Metacognition, insight and mental capacity

In this “in conversation with” Dr Steve Fleming, a cognitive neuroscientist and psychologist, we dig into the concept of metacognition and how work being done in the lab may start to shed light on the contested concepts of insight and decision-making capacity.

For more about the Mental Health and Justice Project, see here. and for the article on advice taking as a bridge between neuroscience and mental capacity that we discuss, led on by Elisa van der Plas, see here

Boring but necessary caveat, nothing here constitutes legal advice.

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One Reply to “Metacognition, insight and mental capacity”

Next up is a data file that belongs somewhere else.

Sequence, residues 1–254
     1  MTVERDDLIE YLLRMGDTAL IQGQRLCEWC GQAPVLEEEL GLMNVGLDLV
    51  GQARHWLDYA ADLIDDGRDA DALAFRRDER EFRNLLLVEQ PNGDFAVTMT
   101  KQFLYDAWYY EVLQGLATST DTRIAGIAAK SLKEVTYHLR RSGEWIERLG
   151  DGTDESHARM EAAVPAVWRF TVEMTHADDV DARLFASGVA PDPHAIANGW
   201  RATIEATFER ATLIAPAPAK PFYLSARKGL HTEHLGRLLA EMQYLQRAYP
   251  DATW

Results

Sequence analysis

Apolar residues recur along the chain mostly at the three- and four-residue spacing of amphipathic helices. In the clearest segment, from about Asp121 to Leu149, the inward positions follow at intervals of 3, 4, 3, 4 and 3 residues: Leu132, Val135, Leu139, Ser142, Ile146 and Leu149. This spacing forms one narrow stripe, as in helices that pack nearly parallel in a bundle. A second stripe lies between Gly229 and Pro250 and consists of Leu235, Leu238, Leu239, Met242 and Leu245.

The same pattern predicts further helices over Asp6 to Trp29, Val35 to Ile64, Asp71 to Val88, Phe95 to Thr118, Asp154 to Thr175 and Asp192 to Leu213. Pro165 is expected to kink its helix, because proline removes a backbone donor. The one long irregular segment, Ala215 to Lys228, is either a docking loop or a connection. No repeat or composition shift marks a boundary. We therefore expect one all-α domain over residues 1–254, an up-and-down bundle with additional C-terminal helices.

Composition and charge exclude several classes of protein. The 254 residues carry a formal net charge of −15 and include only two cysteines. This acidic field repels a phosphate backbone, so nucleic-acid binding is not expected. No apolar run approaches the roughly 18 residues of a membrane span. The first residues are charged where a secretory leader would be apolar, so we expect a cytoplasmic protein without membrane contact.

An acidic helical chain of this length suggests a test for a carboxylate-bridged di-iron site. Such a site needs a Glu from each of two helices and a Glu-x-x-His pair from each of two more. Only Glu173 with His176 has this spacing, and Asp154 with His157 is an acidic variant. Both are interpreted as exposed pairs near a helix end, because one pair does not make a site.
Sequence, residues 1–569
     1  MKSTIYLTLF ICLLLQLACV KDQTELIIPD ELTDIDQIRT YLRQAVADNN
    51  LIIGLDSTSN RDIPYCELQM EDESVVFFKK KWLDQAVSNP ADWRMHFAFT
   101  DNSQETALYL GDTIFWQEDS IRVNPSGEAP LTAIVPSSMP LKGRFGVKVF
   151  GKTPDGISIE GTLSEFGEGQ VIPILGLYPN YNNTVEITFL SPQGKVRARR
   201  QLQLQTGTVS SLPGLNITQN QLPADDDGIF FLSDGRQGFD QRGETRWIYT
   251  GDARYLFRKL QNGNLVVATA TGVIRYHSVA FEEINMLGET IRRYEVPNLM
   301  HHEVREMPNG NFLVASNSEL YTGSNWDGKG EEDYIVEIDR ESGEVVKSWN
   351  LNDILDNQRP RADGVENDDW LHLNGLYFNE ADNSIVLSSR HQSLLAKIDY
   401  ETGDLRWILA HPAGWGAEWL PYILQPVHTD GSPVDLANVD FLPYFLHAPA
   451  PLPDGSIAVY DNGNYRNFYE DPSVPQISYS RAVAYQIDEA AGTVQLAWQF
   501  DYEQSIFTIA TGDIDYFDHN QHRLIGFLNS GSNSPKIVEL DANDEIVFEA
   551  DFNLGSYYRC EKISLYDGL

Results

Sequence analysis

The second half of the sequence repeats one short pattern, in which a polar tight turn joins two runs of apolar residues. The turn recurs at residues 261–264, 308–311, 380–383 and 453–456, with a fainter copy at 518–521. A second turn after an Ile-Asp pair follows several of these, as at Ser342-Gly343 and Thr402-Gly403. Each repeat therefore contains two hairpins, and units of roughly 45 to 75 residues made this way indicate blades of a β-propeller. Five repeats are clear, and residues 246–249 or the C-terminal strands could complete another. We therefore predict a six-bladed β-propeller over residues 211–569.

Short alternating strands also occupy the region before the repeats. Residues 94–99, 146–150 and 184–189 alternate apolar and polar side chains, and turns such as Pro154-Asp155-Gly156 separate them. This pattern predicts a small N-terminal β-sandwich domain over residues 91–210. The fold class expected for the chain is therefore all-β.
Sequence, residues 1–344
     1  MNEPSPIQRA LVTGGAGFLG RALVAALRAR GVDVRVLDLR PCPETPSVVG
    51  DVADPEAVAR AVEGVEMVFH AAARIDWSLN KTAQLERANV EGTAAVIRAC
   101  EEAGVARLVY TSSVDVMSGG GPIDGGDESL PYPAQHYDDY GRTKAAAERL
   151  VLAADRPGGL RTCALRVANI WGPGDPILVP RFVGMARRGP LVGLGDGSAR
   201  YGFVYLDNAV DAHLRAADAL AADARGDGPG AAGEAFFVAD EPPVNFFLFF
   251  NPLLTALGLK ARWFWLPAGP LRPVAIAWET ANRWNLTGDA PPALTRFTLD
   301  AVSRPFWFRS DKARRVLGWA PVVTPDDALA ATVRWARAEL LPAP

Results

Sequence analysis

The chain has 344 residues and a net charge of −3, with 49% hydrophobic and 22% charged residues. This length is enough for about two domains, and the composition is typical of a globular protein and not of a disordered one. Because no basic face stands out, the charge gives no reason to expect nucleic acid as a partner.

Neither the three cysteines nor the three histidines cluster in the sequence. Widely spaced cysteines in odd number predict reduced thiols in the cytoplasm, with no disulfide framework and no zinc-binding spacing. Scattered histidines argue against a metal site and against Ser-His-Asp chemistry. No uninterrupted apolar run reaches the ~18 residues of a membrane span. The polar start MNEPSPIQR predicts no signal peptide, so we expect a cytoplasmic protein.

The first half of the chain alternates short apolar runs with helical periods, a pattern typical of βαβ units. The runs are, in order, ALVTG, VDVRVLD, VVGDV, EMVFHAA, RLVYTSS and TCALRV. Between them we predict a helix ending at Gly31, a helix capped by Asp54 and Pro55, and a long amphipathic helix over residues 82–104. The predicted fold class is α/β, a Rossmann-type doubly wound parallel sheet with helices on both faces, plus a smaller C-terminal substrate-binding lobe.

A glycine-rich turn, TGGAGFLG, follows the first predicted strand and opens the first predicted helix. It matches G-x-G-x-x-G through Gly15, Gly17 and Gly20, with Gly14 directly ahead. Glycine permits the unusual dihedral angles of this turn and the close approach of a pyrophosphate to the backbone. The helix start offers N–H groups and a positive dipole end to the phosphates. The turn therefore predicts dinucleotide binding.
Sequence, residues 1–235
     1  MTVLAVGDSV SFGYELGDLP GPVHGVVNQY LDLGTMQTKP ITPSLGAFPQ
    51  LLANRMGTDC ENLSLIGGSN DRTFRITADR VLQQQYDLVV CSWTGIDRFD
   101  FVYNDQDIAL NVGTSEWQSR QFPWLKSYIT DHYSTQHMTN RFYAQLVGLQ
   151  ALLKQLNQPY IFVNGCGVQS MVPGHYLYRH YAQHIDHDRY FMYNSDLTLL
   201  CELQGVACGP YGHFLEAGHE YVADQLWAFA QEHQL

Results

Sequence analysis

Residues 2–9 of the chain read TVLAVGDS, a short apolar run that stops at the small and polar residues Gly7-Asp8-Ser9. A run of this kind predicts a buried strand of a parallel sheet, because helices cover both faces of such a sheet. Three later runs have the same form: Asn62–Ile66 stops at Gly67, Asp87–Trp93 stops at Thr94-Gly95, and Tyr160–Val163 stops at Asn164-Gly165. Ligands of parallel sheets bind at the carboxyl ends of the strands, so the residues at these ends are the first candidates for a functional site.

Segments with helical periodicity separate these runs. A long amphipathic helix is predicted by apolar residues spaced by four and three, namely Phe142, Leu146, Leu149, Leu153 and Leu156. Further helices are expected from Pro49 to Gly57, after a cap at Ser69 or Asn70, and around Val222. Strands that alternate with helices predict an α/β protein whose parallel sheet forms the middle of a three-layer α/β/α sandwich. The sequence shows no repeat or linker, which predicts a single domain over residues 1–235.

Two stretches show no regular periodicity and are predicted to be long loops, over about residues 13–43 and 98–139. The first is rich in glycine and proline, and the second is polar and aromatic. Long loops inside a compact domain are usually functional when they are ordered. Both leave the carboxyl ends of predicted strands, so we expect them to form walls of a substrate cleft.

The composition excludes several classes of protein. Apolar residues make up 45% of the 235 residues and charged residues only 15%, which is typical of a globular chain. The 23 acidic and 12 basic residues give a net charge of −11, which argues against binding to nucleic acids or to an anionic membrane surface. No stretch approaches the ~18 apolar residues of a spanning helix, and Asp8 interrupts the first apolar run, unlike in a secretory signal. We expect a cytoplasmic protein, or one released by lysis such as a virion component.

1. Great to see the scientific and legal perspectives coming together! I think the big differences between the lab tasks and everyday decisions are (1) in everyday life there are no objectively ‘right’ answers, just answers that are better or worse and (2) the person cares about outcomes in everyday life in a way that they won’t care about how many dots are actually in the box in the lab task (though they may care whether they get it right). So there are subjective and affective dimensions to decision-making in everyday life that don’t appear to have been captured (yet) by the lab research. But it’s fascinating to see the progress they’re making.

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